Earlier this year, SPARC released an in-depth Landscape Analysis of the changing academic publishing industry and the implications of the large-scale deployment of data and data analytics. The the academic community’s response was immediate and strong, and it underscored the need for coordinated and strategic action to avoid the potential consequences. As noted in the Landscape Analysis:
“Until now, [commercial publishers] were – at worst – seen by institutions as an annoyance for selected communities within academia. Librarians complained about the cost of periodicals and talked about a “serials crisis”, but the impact on the overall budget of a university was well below half of a percentage point. Similarly, the high cost of textbooks was an issue for students, and in particular those coming from disadvantaged backgrounds, but scholarships and some forms of financial aid, as well as the used textbook market, tended to mitigate the problem.
The move by publishers into the core research and teaching missions of colleges and universities, with tools aimed at evaluating productivity and performance, means that the academic community could lose control over vast areas of its core activities. In addition, the collection of massive amounts of data about faculty and students poses a significant legal and reputational risk for institutions, along with potential privacy and security threats for individuals.”
As the project unfolded, we recognized the need for a range of potential solutions for the key stakeholders to consider pursuing. The purpose of this document is to build on the Landscape Analysis by offering a roadmap of potential actions that stakeholders can use to chart both individual and collective responses. Recognizing that solutions to these complex issues are not “one size fits all,” this document offers a framework with multiple, concrete solutions that individual organizations can improve and adapt to their local culture and needs. The solution set is by no means exhaustive, and is intended as a starting point for the community to build upon.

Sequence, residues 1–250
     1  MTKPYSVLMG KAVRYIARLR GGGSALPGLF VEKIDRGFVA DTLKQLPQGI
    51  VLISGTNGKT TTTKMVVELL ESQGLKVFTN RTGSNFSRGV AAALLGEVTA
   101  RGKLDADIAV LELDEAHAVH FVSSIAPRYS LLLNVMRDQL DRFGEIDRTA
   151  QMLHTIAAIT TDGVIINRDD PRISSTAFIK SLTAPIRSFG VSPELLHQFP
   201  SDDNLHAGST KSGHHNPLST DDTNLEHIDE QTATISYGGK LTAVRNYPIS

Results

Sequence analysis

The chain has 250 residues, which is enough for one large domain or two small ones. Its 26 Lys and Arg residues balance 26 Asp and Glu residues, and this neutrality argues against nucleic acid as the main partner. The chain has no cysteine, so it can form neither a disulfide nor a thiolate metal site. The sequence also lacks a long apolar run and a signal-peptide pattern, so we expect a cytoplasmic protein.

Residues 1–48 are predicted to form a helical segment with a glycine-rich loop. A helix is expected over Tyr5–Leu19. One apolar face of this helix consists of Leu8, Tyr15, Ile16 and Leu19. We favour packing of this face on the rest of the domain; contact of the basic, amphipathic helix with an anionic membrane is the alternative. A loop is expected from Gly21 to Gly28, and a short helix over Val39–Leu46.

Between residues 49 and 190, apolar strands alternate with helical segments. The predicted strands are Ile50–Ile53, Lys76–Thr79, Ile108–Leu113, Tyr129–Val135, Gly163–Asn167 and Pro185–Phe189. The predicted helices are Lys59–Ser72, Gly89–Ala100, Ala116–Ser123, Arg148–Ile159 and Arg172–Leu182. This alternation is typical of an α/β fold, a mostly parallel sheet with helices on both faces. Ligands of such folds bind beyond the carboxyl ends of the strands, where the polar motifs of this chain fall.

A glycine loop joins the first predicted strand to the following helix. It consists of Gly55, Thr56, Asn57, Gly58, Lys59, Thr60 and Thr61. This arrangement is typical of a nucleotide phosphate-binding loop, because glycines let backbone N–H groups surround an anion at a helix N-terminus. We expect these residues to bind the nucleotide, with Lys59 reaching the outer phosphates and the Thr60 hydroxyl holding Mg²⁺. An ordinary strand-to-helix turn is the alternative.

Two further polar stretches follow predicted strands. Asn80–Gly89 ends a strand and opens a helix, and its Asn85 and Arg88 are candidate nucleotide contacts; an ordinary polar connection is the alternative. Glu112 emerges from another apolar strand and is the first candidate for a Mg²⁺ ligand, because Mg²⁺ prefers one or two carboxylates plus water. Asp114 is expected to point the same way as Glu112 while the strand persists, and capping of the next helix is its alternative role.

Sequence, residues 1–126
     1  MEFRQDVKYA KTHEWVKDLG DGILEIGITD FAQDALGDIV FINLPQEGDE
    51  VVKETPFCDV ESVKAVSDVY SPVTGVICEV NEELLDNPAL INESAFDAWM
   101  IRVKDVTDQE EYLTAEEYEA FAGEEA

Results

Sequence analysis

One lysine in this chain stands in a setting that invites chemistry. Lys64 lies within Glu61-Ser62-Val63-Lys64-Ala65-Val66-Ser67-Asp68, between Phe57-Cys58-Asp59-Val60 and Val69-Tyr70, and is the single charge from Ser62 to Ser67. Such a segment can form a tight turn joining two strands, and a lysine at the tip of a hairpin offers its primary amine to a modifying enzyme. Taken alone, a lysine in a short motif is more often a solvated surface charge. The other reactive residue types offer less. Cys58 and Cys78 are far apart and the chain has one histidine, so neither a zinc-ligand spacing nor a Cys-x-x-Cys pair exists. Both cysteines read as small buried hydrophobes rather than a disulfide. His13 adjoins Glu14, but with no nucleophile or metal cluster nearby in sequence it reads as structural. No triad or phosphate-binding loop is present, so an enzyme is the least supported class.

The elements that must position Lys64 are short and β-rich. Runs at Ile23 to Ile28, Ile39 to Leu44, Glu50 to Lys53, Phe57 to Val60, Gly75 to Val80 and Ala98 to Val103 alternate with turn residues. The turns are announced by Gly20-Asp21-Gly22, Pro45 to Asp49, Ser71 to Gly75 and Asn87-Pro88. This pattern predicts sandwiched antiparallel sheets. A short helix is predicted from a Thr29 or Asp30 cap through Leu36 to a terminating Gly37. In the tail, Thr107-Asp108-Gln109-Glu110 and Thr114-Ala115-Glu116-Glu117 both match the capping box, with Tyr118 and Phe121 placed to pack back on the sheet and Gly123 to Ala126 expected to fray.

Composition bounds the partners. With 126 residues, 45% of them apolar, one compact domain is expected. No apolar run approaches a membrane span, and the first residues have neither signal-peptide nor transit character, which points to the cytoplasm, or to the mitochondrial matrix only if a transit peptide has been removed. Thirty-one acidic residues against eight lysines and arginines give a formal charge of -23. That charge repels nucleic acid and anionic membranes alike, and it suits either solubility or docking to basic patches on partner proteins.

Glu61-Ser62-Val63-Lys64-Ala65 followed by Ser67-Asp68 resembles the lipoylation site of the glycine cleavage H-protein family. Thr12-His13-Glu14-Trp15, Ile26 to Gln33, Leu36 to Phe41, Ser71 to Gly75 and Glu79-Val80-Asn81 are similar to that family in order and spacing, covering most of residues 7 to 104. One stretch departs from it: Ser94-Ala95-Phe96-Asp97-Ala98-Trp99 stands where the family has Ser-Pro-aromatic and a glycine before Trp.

We are pleased that this project has helped to stoke a debate around the need for academic institutions to take concrete steps, and that our initial analysis has proven to be a valuable resource on campus. As an example, this spring, as the University of California system grappled with the issues surrounding adopting commercially- owned research information management systems, its Academic Senate issued a set of recommendations which refer to and largely support the initial findings and recommendations contained in our Landscape Analysis. We hope that the academic community will find this document a useful additional resource to inform discussion of these issues on campus and to serve as a catalyst for taking considered action.